Guide To Finding Your Black Family On The 1940 U.S. Census
1 year ago
Simply knowing the town where your ancestors lived may not be enough
Hughes. Battles. Moore. Youngblood. Harper…
I didn’t find my grandfather, George Gray Murray, in the 1940 U.S. Census documents associated with Forest, Miss., which I scrolled through electronically, hoping to stumble upon his name and the names of his seven siblings.
My grandfather would have been around age 19 at the time of that census and had likely moved out of his parents’ home, my mother suggested. She didn’t know for sure.
After eyeing what seemed like thousands of names on more than 100 pages for the rural Mississippi town, I realized just how specific I had to be to find my relatives. An instructional video produced by the National Archives – which made the census records public on Monday -- stresses the importance of knowing (or finding) the exact “enumerated district number,” or ED, for the city, town or nook my family may have been counted in.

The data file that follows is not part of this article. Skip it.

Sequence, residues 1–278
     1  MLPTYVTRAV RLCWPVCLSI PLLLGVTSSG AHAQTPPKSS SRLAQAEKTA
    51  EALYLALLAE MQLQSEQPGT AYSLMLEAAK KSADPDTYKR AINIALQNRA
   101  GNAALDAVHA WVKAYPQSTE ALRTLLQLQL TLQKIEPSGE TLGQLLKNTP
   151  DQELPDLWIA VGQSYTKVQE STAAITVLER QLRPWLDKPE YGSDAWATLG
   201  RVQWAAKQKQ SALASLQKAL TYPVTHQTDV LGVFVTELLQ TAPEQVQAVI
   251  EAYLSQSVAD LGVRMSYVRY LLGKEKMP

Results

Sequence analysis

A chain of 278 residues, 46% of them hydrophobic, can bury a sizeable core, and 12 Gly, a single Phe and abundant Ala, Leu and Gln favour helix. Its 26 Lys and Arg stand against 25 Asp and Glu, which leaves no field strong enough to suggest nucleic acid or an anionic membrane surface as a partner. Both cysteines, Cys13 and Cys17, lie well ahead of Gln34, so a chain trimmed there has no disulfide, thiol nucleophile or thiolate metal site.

But there are other things to consider -- things that are specific to the experience of African Americans, during that period in time.
My grandfather may not have been in Forest at all in 1940. As a young man, he worked in a Mississippi shipyard on the Gulf Coast. That's where the jobs were. If I were going to find him, he’d likely be in Pascagoula with his lifelong friend and then-roommate Willie Wigham. Five years later, he’d marry my grandmother, Lottie Belle Lawrence.
In my first attempt at viewing the census, I didn’t go away completely empty-handed. More on that later…
Here’s a list of five things you should know before you search for your family:
1. Find the enumerated district number(s) of the town your family lived in.
In the Archives’ instructional video, a rather nice woman advises searching their website for the ED. As much as I claim to be an experienced journalist, I could not find where on their website to do the search. Through Google, I stumbled upon Stephen Morse’s and Joel Weintraub’s “Unified 1940 Census ED Finder.” They’ve scripted a form that asks for the state, county and city or town you’re looking for. My search yielded four ED numbers. It was quick.
2. Know your relatives’ government names, not their nicknames or middle names.